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abstract = "Background: Placement of an intrathecal drug delivery system (IDDS) may provide substantial benefit to certain patients. However, placement of these devices is not without complications, and minimal data exist describing the rates of these complications. Specifically, there is a paucity of data describing the incidence of post dural puncture headache (PDPH) following IDDS placement. Objectives: The aim of this study was to identify the incidence and treatment course of PDPH following placement of an IDDS in a retrospective review. Study Design: Retrospective assessment of medical records. Setting: Department of Pain Medicine and Anesthesiology, Mayo Clinic, Rochester, MN. Methods: Following IRB approval, 319 IDDS surgical reports in 285 patients were identified retrospectively over a 20 year study time period. We report demographic information, number of dural punctures, techniques for sealing dural leak, details, and treatment course of PDPH in this population. Results: Symptoms of PDPH were recognized in 73 individual cases (23{\%} of total procedural volume). Younger patient age was the only statistically significant characteristic in predicting development of a PDPH. There were no statistically significant differences found in regards to other risk factors for PDPH development or treatment strategy employed. Seventy-nine percent of PDPH patients were successfully managed with conservative non-interventional therapies (bedrest, IV fluids, analgesics, antiemetics), while 21{\%} required progression to epidural blood or fibrin glue patch procedures for full resolution of symptoms. Limitations: Limitations include the retrospective design of the study as well as the potential for undocumented or improperly documented surgical techniques and/or events. Conclusion: Though the development of PDPH after IDDS implantation was found to be fairly common (23{\%} incidence), the majority of these patients had self-limited symptoms that resolved with conservative medical management. Epidural blood patch or application of epidural fibrin glue was therapeutically successful for the remainder of PDPH patients who were refractory to conservative measures.",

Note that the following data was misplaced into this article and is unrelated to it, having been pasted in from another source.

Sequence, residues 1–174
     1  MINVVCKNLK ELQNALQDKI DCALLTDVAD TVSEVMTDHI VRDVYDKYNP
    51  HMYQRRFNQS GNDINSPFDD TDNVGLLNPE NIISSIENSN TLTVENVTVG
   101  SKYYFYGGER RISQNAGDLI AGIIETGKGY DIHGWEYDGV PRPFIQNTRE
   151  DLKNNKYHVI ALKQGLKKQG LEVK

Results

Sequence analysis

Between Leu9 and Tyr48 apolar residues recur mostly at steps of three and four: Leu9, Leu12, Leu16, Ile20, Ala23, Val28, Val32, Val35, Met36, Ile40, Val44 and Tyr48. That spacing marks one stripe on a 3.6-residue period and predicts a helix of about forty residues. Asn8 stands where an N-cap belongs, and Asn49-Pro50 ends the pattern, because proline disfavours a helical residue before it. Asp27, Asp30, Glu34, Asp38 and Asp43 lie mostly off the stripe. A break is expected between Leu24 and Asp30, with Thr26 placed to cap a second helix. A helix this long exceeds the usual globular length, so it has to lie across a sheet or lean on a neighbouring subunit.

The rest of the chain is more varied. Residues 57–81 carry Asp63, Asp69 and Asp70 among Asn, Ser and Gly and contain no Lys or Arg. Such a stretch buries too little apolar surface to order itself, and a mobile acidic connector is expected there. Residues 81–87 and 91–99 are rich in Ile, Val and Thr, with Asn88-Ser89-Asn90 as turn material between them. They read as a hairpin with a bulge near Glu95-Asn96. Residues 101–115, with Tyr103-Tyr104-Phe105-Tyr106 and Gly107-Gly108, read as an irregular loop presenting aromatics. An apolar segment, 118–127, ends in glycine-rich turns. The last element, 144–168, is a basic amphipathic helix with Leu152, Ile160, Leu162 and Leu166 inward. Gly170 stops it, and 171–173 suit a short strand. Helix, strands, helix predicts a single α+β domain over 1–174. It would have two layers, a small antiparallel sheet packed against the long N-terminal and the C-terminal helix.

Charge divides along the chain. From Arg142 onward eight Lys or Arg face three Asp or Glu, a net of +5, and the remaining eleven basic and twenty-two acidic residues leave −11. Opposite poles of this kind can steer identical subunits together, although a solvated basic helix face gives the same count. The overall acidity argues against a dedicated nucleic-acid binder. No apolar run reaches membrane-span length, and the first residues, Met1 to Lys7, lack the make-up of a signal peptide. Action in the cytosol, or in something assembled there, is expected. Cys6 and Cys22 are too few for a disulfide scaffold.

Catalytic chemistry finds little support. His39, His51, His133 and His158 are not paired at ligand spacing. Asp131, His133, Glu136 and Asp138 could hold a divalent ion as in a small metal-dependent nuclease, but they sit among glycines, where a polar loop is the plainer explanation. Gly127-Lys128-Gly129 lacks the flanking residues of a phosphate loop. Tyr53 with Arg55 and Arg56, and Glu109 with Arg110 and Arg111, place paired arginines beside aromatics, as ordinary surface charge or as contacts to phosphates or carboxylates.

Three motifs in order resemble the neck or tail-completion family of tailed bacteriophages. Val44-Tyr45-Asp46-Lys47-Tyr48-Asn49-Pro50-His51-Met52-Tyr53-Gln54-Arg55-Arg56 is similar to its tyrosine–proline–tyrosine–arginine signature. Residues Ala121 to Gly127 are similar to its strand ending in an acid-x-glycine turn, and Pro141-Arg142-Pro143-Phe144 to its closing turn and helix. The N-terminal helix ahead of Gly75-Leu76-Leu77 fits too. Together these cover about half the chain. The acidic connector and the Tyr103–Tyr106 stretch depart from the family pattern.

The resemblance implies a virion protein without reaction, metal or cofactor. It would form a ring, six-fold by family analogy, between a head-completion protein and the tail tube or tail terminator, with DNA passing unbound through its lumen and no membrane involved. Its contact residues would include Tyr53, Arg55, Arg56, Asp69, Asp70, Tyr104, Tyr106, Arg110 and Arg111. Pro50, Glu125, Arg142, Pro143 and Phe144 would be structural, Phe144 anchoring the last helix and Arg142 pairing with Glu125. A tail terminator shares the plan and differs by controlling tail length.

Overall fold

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AB - Background: Placement of an intrathecal drug delivery system (IDDS) may provide substantial benefit to certain patients. However, placement of these devices is not without complications, and minimal data exist describing the rates of these complications. Specifically, there is a paucity of data describing the incidence of post dural puncture headache (PDPH) following IDDS placement. Objectives: The aim of this study was to identify the incidence and treatment course of PDPH following placement of an IDDS in a retrospective review. Study Design: Retrospective assessment of medical records. Setting: Department of Pain Medicine and Anesthesiology, Mayo Clinic, Rochester, MN. Methods: Following IRB approval, 319 IDDS surgical reports in 285 patients were identified retrospectively over a 20 year study time period. We report demographic information, number of dural punctures, techniques for sealing dural leak, details, and treatment course of PDPH in this population. Results: Symptoms of PDPH were recognized in 73 individual cases (23% of total procedural volume). Younger patient age was the only statistically significant characteristic in predicting development of a PDPH. There were no statistically significant differences found in regards to other risk factors for PDPH development or treatment strategy employed. Seventy-nine percent of PDPH patients were successfully managed with conservative non-interventional therapies (bedrest, IV fluids, analgesics, antiemetics), while 21% required progression to epidural blood or fibrin glue patch procedures for full resolution of symptoms. Limitations: Limitations include the retrospective design of the study as well as the potential for undocumented or improperly documented surgical techniques and/or events. Conclusion: Though the development of PDPH after IDDS implantation was found to be fairly common (23% incidence), the majority of these patients had self-limited symptoms that resolved with conservative medical management. Epidural blood patch or application of epidural fibrin glue was therapeutically successful for the remainder of PDPH patients who were refractory to conservative measures.